Grizzly bear cub killed by train
By Moosetrack Megan

Posted: November 19, 2018

A male grizzly bear cub was killed in a train collision last week on the railroad tracks near Columbia Falls.

BNSF Railway reported hitting a grizzly bear near North Hilltop Road on Nov. 8, 2018. Montana Fish, Wildlife & Parks responded and did not find any evidence of attractants at the site nor were there any additional bears involved in the crash. The U.S. Fish and Wildlife Service was notified of the death.

Two additional grizzly bears were identified as dead in the Northern Continental Divide Ecosystem in the last month.

An adult female grizzly bear was found dead near Sullivan Creek southwest of Hungry Horse Reservoir. The bear was wearing a GPS radio collar that notified FWP of the mortality. FWP investigated the scene and determined the bear likely died of natural causes.

A separate adult female grizzly bear was found dead near Wildcat Creek west of Hungry Horse Reservoir. The bear was also wearing a GPS radio collar that notified FWP. Upon investigation, FWP determined the animal likely died of natural causes.

So far this year, 48 grizzly bear mortalities have been identified in the Northern Continental Divide Ecosystem due to a variety of circumstances, including management action, collisions, natural deaths and augmentation. Bears are classified as mortalities if they die, are taken to an accredited zoo or research facility if possible, are euthanized or are moved to another ecosystem. One-to-two bears are annually targeted for relocation to the Cabinet-Yaak Ecosystem as part of an augmentation program.

The NCDE is home to more than 1,000 grizzly bears. The NCDE is a designated grizzly bear recovery zone that spans Glacier National Park, parts of the Flathead and Blackfeet Indian Reservations, parts of five national forests and a significant amount of state and private lands.

FWP maintains a population monitoring program and follows protocols and management objectives designed to maintain a healthy grizzly bear population in the NCDE. This includes tracking known mortalities, whether bears are killed or removed from the population, and notifying the public.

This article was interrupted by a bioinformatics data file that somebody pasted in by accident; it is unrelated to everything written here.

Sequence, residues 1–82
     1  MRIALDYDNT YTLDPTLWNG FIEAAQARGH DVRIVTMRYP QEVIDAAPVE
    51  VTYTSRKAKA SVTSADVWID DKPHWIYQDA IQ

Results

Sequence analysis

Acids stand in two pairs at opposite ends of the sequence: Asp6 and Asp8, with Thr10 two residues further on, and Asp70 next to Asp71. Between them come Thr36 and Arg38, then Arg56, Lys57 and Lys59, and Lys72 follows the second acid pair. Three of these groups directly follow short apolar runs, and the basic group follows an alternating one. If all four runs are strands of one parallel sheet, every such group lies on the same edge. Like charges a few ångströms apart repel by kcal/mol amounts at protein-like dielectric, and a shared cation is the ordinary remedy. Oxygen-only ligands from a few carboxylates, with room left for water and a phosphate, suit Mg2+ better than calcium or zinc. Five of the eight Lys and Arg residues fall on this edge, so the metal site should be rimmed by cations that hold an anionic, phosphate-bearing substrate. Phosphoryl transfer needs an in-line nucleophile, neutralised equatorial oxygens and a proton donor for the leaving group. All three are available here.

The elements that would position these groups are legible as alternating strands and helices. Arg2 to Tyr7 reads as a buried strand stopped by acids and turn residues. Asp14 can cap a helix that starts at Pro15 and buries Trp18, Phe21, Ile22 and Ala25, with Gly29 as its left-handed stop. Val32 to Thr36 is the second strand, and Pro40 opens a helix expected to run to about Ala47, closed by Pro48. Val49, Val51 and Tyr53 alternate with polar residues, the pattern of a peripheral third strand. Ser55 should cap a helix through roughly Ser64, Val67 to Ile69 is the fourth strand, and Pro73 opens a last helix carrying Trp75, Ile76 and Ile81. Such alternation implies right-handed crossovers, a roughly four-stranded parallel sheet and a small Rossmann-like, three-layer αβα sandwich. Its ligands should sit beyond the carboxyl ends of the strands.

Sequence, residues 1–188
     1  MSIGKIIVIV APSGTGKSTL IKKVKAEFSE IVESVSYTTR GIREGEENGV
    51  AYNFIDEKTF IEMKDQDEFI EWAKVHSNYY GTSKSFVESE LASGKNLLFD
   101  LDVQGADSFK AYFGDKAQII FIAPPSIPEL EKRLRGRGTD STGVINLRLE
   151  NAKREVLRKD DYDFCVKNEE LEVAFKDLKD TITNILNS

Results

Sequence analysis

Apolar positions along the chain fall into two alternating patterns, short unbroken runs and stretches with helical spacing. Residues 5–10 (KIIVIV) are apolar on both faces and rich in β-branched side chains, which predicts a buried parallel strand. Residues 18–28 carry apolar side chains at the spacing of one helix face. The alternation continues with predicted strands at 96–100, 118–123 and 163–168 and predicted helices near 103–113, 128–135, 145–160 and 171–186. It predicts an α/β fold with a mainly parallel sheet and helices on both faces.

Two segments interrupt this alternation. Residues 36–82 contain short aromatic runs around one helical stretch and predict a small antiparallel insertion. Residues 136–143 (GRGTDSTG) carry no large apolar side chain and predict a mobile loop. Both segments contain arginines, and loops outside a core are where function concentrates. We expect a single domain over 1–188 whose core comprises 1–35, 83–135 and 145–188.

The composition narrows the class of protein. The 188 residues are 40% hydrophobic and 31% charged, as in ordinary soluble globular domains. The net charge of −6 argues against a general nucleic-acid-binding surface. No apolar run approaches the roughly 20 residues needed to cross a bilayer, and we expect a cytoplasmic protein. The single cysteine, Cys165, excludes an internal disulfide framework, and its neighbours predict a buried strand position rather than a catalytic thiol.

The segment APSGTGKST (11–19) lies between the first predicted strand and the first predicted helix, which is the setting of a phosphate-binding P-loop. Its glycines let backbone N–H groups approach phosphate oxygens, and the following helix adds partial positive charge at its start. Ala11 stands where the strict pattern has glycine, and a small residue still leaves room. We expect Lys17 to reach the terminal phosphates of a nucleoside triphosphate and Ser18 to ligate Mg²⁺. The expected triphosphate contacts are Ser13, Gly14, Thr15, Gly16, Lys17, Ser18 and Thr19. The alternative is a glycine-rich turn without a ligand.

Bears are still actively seeking food sources before the winter denning season. Bears typically enter their dens by late November and early December and do no re-emerge until spring.

Residents and recreationists are urged to be “Bear Aware” and follow precautionary steps and tips to prevent conflicts.

General tips to stay safe in bear country:

  • Carry and know how to use bear pepper spray.
  • Reduce or secure food attractants, such as garbage, livestock, and bird feeders.
  • Stay alert and look for bear activity, especially where visibility and hearing is limited.
  • Watch for signs of bears such as bear scat, diggings, torn-up logs and turned over rocks, and partly consumed animal carcasses.
  • Make your presence known by making noise, especially when near streams or in thick forest where visibility is low. This can be the key to avoiding encounters. Most bears will avoid humans when they know humans are present.
  • Use caution in areas like berry patches where bears occur.
  • Avoid carcass sites and scavenger concentrations
  • If you harvest an animal at dusk, be prepared to cut up the carcass in the dark by carrying strong headlamps. Be extra vigilant and watch for bears.

More safety information is available on the FWP website, fwp.mt.gov. Residents can call FWP regional offices to learn more about bears or to report bear activity. In northwest Montana, call (406) 752-5501.